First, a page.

Arguably, the concept of modernity flourished in Amsterdam later than its European counterparts due to its unique history. Despite having changed hands many times among the Spanish, French and Dutch, Amsterdam was still an important port city in the region due to its proximity to the Southern Sea. By the 17th century, concepts of modernity had begun to take shape in the design of spaces.

Notably, in the Southeastern part of Amsterdam (in grey) was neighbourhood Plantaadje. Modernity is displayed through the planning and building of perpendicular streets. Initially designed for the purpose of urban expansion, the land was converted into gardens and orchards eventually.

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Figure 1. Amsterdam in 1675. Image screenshot from http://www.mappinghistory.nl/

In the time of the 19th century, Amsterdam had experienced its second economic boom  (following an economic stagnation) powered by expansion of its colonial power. At this time, a new public space emerged in the Southwest of Amsterdam–Now called the Vondelpark, but for the first two years of its existence called Het Nieuwe Park (The New Park).

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Figure 2. Vondelpark in 1865. The park has also been sectioned in a methodological way – a tinge of modernity. In the north of the park lies a row of housing for the bourgeoisies. Image from http://www.inhetvondelpark.nl/geschiedenis-history.html#
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Figure 3. Vondelpark (bottom left), on the outside of what the Renaissance border of the city. Image screenshot from http://www.mappinghistory.nl/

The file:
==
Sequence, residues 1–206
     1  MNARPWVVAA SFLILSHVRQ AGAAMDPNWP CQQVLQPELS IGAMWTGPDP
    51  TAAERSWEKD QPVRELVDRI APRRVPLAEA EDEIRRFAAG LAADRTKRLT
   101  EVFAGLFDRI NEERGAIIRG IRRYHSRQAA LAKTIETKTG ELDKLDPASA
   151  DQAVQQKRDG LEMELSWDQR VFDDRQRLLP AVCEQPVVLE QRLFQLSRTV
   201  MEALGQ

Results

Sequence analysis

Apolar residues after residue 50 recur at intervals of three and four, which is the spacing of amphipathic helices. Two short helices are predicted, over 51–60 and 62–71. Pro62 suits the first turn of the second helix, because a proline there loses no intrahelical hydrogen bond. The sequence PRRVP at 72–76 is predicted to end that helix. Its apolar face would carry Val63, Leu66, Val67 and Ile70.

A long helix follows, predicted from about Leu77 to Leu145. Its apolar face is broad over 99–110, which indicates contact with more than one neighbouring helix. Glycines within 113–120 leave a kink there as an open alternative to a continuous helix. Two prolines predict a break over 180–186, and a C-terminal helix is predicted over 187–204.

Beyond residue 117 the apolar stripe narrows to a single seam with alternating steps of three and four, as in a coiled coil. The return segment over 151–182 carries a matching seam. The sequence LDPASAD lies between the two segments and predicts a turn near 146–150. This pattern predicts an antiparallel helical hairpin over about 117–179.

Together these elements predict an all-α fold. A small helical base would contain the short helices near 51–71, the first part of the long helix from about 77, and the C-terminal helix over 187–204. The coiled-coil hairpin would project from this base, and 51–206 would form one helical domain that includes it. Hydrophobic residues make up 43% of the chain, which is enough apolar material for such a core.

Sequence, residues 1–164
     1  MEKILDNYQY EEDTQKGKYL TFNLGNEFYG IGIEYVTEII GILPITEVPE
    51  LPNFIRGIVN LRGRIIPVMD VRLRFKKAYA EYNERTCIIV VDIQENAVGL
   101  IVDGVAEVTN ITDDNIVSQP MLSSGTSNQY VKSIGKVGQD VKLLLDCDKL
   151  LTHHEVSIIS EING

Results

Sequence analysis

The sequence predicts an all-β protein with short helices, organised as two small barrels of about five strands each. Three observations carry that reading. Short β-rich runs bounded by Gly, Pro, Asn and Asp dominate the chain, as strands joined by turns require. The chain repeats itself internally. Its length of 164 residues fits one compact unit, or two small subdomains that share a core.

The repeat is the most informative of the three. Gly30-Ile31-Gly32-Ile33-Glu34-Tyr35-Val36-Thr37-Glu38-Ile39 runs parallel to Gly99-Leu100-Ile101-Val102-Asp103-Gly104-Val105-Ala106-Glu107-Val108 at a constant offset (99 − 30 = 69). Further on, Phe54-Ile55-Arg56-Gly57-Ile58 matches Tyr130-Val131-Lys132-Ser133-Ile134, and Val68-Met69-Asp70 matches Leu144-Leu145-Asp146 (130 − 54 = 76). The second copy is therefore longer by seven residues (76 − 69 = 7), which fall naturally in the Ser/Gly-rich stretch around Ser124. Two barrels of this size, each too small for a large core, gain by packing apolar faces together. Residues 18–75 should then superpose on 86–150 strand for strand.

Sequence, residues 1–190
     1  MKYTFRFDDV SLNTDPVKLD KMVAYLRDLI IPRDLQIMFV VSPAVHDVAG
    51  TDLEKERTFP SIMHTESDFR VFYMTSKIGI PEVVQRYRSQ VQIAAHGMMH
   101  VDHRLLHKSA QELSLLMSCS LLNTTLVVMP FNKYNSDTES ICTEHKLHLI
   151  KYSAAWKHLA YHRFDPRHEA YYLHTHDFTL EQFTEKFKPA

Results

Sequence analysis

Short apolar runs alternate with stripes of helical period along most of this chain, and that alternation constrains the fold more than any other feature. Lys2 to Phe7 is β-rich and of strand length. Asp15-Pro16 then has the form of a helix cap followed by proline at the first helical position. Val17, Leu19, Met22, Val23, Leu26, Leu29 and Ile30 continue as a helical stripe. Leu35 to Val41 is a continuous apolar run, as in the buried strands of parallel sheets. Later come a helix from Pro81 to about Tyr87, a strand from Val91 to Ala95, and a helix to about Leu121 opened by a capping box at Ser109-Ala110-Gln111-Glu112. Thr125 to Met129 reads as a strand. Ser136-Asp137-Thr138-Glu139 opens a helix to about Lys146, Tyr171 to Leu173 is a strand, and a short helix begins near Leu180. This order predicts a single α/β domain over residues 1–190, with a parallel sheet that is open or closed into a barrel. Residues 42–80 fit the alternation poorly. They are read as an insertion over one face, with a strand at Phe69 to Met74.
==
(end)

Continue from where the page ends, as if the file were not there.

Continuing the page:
What could explain the emergence of this new ‘public’ park, and its potential significance to the bourgeoisie community (up till 1900)? Following are some clues:

Firstly, it was built at a time after population growth, after the phenomenon of suburbanisation. The rich were buying houses in the south, beyond the traditional demarcation of the city’s limits, in the vicinity of Vondelpark.
Secondly, a park of such a great scale was funded by individuals, without the help of the state.
Thirdly, although the park was made public, poorly dressed people were kept out by supervisors.
Lastly, the park was made for horse-riding purposes.

With these in mind, here is a possible conclusion: The park was funded and built by the bourgeoisie for their own class. Though claiming to be public, the infrastructure and activity were not designed for the working class without transport nor time. With a crowd of their own class, Vondelpark held the potential for dialogues pertaining to the politics of that time – perhaps including frustration with overcrowding in the city – in a somewhat private and protected setting away from the political presence within the city.


Featured Image:
Taken by Yi Le Danielle Poh with Canon G16

  • Of Vondelpark, Amsterdam: October 2016


References:
Amsterdam. (2016). Retrieved October 03, 2016, from http://www.mappinghistory.nl/

Bontje, M. A., & Sleutjes, B. H. (2015, June 26). Amsterdam: History meets modernity. Pathways to creative and knowledge- based regions. Retrieved October 3, 2016, from http://hdl.handle.net/11245/2.60558

Homburg, H. (2016, August 12). Vondelpark – Park History from 1864 to 1884 – Hans Homburg. Retrieved October 03, 2016, from http://www.inhetvondelpark.nl/geschiedenis-history.html#

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